Wednesday, March 3, 2010

Is the Tea Party actually the CSR Party?

The Tea Party’s popularity has been interpreted in a variety of ways, but we should consider one more- the tea party as a call for corporate restraint. In this way, the Tea Party and the CSR movement share important principles, perhaps more than you’d expect.

  • Desire for governmental reform: The Tea Party looks for large scale government downsizing and reform. The need for CSR results from a lack of effective regulation of corporations. There is common ground- the desire for more effective laws and regulation, rather than just more laws and regulation. CSR is important because the government fails to adequately protect the public from corporate harm, which the Tea Party seems to agree with.
  • Against government control: Tea Party members are obsessed with personal liberty; in this way, they join corporations. Oftentimes corporations create CSR programs to preempt, and hopefully stave off, government regulation. CSR, when acting as self regulation, is a necessary requirement to safely scale back government regulation of industry.
  • Anger over corporate bailouts: The tea party is incensed over the 2008-9 bailouts of the financial and automotive sectors. None of these bailouts would have been necessary had effective, comprehensive CSR programs been in place. CSR regimes would have discouraged the recklessness in the financial sector as a betrayal of stakeholder (and shareholders), and may have stemmed the overinvestment in environmentally harmful vehicles like the Hummer that later became a cash vacuum for GM.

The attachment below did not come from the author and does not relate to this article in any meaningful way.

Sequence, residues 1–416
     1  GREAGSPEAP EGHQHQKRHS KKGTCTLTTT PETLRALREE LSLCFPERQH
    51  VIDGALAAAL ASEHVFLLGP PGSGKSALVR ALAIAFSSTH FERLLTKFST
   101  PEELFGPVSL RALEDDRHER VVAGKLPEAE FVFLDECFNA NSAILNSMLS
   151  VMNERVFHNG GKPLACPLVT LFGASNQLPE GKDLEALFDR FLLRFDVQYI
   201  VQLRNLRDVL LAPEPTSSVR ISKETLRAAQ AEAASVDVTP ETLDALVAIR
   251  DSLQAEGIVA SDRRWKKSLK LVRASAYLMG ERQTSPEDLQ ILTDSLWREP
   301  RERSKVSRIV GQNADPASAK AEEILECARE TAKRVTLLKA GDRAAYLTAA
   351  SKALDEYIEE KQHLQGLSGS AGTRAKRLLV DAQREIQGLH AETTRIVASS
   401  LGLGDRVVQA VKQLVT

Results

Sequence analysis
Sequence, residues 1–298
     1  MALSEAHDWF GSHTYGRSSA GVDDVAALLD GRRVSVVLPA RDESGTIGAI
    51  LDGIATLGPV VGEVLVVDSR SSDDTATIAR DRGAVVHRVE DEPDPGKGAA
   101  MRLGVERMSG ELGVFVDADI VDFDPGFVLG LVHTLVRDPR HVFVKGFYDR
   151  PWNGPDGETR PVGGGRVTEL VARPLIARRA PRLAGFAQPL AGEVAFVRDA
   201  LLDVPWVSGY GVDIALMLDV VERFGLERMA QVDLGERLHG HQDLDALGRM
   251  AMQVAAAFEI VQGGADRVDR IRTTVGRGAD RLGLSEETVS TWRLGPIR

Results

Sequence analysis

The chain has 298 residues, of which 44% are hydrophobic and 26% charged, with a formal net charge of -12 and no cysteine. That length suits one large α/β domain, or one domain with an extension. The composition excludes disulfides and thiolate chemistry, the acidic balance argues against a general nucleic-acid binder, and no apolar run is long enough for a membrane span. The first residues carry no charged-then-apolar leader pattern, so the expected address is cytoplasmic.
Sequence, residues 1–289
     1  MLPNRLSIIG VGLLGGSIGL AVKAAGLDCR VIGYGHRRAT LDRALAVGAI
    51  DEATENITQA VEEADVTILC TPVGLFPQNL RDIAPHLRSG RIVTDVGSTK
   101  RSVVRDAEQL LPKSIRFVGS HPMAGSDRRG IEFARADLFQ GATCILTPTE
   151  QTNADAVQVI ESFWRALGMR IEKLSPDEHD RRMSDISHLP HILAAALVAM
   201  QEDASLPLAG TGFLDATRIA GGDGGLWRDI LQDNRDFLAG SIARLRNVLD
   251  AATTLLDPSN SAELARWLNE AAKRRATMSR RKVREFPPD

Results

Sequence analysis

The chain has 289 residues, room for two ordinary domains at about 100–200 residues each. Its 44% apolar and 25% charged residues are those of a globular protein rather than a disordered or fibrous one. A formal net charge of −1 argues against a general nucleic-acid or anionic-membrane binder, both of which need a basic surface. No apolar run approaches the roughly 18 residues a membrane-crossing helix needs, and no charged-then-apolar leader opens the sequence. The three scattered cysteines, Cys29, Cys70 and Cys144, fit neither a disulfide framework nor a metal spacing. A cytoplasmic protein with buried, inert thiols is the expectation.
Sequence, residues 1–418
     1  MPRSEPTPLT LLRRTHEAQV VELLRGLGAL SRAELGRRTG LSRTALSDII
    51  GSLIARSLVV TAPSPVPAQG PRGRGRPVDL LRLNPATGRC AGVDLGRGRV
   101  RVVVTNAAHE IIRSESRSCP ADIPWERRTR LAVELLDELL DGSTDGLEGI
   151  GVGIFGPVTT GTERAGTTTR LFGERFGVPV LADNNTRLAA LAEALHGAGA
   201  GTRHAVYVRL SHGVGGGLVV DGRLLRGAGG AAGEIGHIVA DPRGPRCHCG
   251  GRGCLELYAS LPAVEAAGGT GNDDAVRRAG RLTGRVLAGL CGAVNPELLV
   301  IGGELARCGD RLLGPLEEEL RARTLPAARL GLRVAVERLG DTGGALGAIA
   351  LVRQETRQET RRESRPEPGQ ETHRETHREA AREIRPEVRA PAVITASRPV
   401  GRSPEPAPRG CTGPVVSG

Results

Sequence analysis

• Anger over lost jobs and health care: The Tea Party has formed partly as an outlet for intense public frustration over the recession’s casualties: jobs, and healthcare obtained through jobs. Sustainable businesses are those that consider success on social issues as competitively important as net income, one of which is worker well being. Businesses with strong CSR cut jobs as a last resort, after streamlining every other aspect of business possible, including C-level pay. The transparency that accompanies CSR standards also helps to ensure that jobs that are cut have to be.
  • Grassroots action: The Tea Party has been resounding demonstration of the success of grassroots action. In this way, they have a lot to hope for through CSR, in which corporations engage in discourse and solution building with grassroots organizations.

Obviously, the Tea Party and CSR diverge in key areas. The Tea Party thinks that climate change is a conspiracy; most corporations with CSR programs are working to reduce their contribution to climate change. The Tea Party represents a wing of the most conservative of conservatives, the CSR movement in has grown from liberal activists with business acumen. Yet there are so many important points of overlap that hopefully a siloh-busting leader can unify Tea Party members and CSR advocates for maximum enhancement of the public good.

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